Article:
Note: Some portions of this video have Internet interference.

    What do you think of Warren's question, Is Digital Technologies the same as e-Learning? I know Warren would love to hear your thoughts there.

    Also see:

    Warren's Pond resources for Digital Technologies and e-Learning

  • Tessa Gray 15 Jun 2018 10:58am () in Coding and robotics at Intermediate level

    Ahh Heather tis always good to connect! smiley I think if you're needing some time 'breaking this down' (like a good dance move), then so will many others.

    The CLA can help as they've been doing some work around this as well, so will nudge @Anaru.White, @Clive.Francis and @Ray.Burkhill and Jess.Bond1 to come and dive in this discussion as well. I really like how the teachers created kidspeak progressions for literacy, so can't see why we can't do this here too.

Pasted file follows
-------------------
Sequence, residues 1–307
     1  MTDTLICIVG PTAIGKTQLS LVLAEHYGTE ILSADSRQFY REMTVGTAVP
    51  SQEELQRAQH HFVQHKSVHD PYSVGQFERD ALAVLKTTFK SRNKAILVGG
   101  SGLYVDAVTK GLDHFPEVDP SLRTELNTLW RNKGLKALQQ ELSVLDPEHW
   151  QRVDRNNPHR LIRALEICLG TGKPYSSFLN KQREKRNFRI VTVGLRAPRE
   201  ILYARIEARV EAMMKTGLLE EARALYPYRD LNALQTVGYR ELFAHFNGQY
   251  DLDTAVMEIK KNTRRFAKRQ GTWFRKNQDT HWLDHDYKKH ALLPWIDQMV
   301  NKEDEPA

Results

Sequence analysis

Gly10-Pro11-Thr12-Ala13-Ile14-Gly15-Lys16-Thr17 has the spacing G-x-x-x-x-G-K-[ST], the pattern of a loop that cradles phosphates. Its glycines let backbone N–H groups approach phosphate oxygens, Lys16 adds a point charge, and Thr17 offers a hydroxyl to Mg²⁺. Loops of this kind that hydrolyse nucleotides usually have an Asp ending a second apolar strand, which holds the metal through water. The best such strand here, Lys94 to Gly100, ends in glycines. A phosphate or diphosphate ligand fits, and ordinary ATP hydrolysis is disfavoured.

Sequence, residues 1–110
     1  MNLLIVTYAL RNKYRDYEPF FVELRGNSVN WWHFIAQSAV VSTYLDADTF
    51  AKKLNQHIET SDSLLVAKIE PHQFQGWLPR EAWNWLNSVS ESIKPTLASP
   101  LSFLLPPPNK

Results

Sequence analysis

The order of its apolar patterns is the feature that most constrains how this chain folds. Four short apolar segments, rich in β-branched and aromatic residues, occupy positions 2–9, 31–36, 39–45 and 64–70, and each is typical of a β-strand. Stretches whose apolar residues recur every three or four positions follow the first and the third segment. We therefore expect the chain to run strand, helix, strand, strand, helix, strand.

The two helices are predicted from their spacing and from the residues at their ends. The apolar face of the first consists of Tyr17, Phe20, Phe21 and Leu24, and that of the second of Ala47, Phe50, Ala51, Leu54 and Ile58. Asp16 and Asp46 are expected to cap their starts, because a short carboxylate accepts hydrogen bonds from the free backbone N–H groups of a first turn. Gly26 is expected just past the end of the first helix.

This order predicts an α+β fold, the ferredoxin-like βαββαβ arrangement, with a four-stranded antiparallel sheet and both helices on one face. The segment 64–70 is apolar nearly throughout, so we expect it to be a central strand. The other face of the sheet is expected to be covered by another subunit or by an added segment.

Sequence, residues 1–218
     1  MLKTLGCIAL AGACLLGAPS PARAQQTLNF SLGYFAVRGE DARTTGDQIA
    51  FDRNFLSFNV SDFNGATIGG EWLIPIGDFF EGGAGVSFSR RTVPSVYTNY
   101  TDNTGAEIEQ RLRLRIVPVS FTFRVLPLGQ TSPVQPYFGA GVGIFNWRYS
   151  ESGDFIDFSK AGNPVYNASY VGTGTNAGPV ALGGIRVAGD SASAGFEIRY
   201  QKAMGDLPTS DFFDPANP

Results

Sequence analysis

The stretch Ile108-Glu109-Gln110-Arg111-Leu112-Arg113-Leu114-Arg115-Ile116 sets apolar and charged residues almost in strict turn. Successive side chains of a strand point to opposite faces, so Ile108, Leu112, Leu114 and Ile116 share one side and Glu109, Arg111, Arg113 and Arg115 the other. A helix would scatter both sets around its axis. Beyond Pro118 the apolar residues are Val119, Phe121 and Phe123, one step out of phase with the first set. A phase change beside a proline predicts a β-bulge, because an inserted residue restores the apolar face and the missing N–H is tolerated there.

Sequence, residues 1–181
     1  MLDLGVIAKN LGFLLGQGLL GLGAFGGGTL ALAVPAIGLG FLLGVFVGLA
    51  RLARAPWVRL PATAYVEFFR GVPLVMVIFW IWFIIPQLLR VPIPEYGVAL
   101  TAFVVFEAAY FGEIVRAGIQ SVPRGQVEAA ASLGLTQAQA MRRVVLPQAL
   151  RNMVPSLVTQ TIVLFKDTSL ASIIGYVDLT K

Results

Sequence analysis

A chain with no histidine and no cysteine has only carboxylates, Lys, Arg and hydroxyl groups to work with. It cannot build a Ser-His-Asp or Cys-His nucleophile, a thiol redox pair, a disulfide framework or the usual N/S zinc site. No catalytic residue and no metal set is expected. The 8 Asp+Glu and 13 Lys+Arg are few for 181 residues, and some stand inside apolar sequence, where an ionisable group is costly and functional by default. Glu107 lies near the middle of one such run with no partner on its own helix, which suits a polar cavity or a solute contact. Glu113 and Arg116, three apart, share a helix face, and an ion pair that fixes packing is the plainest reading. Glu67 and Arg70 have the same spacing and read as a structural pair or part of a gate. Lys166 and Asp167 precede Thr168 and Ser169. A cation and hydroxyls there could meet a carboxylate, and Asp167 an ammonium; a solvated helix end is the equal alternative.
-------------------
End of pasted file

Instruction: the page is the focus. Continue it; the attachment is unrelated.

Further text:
I know we're all going to want to explore the knowledge area of the Digital Technologies (and so we should), so we're more up-to-speed with the terminology and processes; as someone wise recently shared with me there's also the importance of keeping the Technology strands at the fore as well - ie design processes (Technological Practice) and understanding where technologies have come from and how they're changing - Nature of Technology. So lots to take in, baby steps for some of us, already doing it for others...

    There's a whole lot of support coming too, so as well as the Digital Passport, keep an eye out for professional learning support available. Oh and tell us how you get on...yes

  • Tessa Gray 14 Jun 2018 8:59am () in Not receiving group notifications

    Hi Julia, no doubt the Help Team can provide some clarity for you, in the meantime, just just double check your Account settings (top right hand side), scroll down to Group notifications and see if the/your group is ticked for email notifications. smiley